CT and MRI are two often used diagnostic tools in medicine today. They are, however, very different and it is important to know the differences between the two when discussing diagnostic plans with a doctor.
A CT scan (also know as a "CAT scan" or Computerized axial Tomography) was invented by Sir Godfry and Robert Ledley in 1975. It was the first diagnostic tool capable of seeing beyond what the X-ray can see by looking at soft tissue within the body. A CT scan uses only one beam of radiation, unlike the older technology of an X-ray. A major concern over prolonged, continued exposure of CT scans is damage to an individual's DNA. CT scans are still used, however, for some tests and is safe for occasional use. The risks should be discussed with the medical professional the patient's questions are answered completely prior to testing.
MRI (Magnetic Resonance Imaging) scans are relatively new in the diagnostic medical testing process. The MRI was developed in 1971 by Dr. Raymond V. Damadian. The first MRI took place in 1977.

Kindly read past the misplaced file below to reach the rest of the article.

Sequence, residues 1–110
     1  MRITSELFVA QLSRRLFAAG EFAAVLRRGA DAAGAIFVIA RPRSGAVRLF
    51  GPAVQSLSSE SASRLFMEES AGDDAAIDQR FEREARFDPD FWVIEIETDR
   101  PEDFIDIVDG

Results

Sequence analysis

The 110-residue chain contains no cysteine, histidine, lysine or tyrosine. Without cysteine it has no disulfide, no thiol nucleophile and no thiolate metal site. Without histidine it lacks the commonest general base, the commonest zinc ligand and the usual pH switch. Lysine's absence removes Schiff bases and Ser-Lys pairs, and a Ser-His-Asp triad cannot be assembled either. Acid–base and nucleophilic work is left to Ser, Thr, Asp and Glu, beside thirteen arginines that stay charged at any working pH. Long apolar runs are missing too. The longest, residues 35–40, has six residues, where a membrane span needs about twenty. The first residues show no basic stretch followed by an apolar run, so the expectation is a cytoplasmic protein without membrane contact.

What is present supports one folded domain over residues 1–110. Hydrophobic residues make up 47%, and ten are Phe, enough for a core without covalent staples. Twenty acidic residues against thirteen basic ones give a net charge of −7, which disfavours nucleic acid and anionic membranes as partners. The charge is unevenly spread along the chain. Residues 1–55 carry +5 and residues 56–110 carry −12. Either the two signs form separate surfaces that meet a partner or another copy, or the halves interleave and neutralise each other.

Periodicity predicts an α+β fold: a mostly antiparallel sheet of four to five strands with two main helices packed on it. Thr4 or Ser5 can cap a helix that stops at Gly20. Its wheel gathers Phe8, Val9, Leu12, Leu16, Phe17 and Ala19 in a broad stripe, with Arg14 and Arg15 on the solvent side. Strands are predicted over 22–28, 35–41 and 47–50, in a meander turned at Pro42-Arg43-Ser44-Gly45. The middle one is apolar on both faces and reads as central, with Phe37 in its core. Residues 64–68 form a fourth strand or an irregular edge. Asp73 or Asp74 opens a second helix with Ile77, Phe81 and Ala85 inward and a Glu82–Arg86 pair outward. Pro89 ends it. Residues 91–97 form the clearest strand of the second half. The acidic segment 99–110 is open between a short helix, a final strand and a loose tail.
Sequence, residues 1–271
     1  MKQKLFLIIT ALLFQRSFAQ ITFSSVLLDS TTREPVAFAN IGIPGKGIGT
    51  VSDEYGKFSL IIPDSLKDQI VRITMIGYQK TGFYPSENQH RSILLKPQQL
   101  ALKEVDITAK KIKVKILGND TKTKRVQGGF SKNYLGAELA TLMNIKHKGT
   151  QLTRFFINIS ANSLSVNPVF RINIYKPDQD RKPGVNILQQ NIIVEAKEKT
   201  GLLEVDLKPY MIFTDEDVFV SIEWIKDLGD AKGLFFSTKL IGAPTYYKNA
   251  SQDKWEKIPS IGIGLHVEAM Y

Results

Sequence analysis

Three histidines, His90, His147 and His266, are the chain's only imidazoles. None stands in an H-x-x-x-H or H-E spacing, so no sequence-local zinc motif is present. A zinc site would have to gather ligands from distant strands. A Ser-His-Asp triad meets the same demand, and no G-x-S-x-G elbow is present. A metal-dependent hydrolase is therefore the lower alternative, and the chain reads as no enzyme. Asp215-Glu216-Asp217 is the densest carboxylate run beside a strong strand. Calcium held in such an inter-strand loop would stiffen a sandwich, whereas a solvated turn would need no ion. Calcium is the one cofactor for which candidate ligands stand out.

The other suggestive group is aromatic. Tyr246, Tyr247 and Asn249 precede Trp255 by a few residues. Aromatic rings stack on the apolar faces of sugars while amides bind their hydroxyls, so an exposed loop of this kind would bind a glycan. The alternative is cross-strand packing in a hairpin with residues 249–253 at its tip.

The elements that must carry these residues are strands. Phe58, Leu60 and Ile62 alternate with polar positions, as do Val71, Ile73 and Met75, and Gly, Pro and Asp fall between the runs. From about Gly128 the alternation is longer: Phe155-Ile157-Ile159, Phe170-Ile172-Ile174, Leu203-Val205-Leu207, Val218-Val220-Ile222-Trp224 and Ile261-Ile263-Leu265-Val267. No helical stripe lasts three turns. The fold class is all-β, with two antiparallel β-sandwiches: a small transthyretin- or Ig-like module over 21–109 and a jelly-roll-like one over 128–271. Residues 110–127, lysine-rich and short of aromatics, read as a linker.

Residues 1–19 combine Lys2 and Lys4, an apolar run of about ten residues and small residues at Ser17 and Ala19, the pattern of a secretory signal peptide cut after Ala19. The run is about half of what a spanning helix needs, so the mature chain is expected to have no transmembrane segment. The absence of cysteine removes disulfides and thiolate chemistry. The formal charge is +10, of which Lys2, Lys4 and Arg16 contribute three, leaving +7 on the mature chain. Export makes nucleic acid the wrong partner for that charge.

Doctors now use MRI imaging technology regularly. MRI scans allow for review of tissues in the body, as well as to look for tumors or blockages, while emitting zero radiation and providing extremely detailed images.
MRI is considered by many doctors to be the standard for imaging tissues and the entire body. MRI provides very detailed images as opposed to CT and, more importantly does not result in any radiation exposure.
A mobile MRI allows for a location that may not have an MRI unit, or if the standard MRI unit is in need of repair, access to the necessary diagnostic tools to diagnose their patients. A mobile MRI is often housed in a dedicated trailer that can go anywhere and stay in place for a long period of time, if needed.
While some may have concerns about using a mobile MRI , there should be zero concern from patients or medical professionals. While a mobile MRI is not in a fixed location, they are required to meet the same high maintenance standards as fixed MRI. A mobile MRI can also provide whatever level of medical imaging is required by the hospital or imaging center.